A series of emails between Arianna Huffington, her partners and the late conservative journalist Andrew Breitbart shed new light on the early days of The Huffington Post.
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The story of the site’s founding is the subject of a bitter lawsuit filed by two Democratic political advisers who claim Huffington blatantly stole their idea for a leftwing alternative to the conservative Drudge Report.
In October, a New York judge dismissed a number of claims but allowed Peter Daou and James Boyce, both former advisers to Presidential candidate John Kerry, to go forward with a state claim based on theft of an idea. The judge later allowed them to conduct document discovery of the defendants.
The discovery process produced a number of emails and minutes from meetings that are described in the amended complaint filed today.
The complaint argues that the emails help show that Huffington and her business partner Kenneth Lerer built the Huffington Post on a stolen idea and that they actively recruited others to help them implement it while stringing along Daou and Boyce:
Huffington and Lerer likewise were secretly communicating in December 2004 with a political activist named Andrew Breitbart in an effort to persuade Breitbart to participate, without Boyce and Daou [..] the timing of these discussions exposes Defendants’ fraudulent intentions, because Defendants were already in discussions with Breitbart about Plaintiffs’ ideas … at a time they were still pretending to be working with Plaintiffs. [...]
Breitbart’s “quick first email pass at the idea” identifies the very same two primary components of the website that Plaintiffs had previously identified for Huffington and Lerer: [...] This “quick idea” – which became The Huffington Post – is the very idea that was stolen from Boyce and Daou.
The late Breitbart was a prominent conservative journalist who, after falling out with Huffington, claimed that he “created the Huffington Post” and that “I drafted the plan. They followed the plan.”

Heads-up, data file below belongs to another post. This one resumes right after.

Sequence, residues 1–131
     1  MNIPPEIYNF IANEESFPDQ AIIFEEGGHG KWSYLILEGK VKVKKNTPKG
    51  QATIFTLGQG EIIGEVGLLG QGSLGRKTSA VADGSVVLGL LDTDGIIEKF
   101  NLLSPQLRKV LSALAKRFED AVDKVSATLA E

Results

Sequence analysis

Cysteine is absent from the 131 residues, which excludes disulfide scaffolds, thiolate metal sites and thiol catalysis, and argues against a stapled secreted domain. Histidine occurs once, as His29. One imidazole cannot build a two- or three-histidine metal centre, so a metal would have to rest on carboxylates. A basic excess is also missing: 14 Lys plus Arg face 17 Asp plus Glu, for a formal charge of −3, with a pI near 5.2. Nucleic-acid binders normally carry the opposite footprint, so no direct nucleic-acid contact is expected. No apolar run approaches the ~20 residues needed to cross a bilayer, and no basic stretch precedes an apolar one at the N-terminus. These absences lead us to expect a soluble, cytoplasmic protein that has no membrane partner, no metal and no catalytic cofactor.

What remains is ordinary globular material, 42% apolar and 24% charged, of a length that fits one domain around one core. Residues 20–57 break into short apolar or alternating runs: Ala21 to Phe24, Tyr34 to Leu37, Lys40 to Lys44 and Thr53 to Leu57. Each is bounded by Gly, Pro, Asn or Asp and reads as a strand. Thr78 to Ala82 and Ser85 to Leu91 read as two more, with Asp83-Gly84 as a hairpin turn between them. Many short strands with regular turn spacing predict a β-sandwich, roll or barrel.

The new complaint also includes emails from Daou to his aunt, writer Erica Jong, in which he claims credit for founding the website. In another email to President Obama’s former press secretary, Robert Gibbs, that was allegedly forwarded to Huffington herself, Boyce refers to being “involved with the Huffington Post” from the beginning.
In public statements and legal filings, Huffington and Lerer have downplayed the role of Daou and Boyce and claimed that the ideas they presented in an ideas memo are different from what the website actually became.
The new complaint also contains allegations of a cover-up based on minutes of a meeting held between Huffington, Lerer, Breitbart and an editor in which the group debated what “narrative” to offer the media about the Huffington Post’s origins:
Breitbart proposed this answer: “I knew what was missing in the blogosphere, I just needed the rolodex to be able to put it all together, and Arianna provided that. … Arianna called Andrew to talk about an alternative to the Drudge Report. Andrew called Arianna about the group blog – there’s nobody he knows besides Arianna who could make this work.” [...]Deceitfully, however, the “narrative” wrote Boyce and Daou out of the picture entirely.
The emails and other documents cited in the new complaint don’t appear to contain smoking gun proof that Huffington schemed to cut out Daou and Boyce after stealing their idea. But the new allegations, including an email in which Huffington appears to have forwarded a confidential business plan written by Boyce to a subordinate, could strengthen the plaintiffs’ case.
The plaintiffs also use the documents to reassert new claims for fraud and breach of contract that the judge had initially struck out last October. The overall legal process is likely to drag on for many more months.
AOL bought the Huffington Post for $315 million in the spring of 2011. The acquisition has proved rocky in recent months and led to rumors that the two entities might part ways.
This article is from the archive of our partner The Wire.
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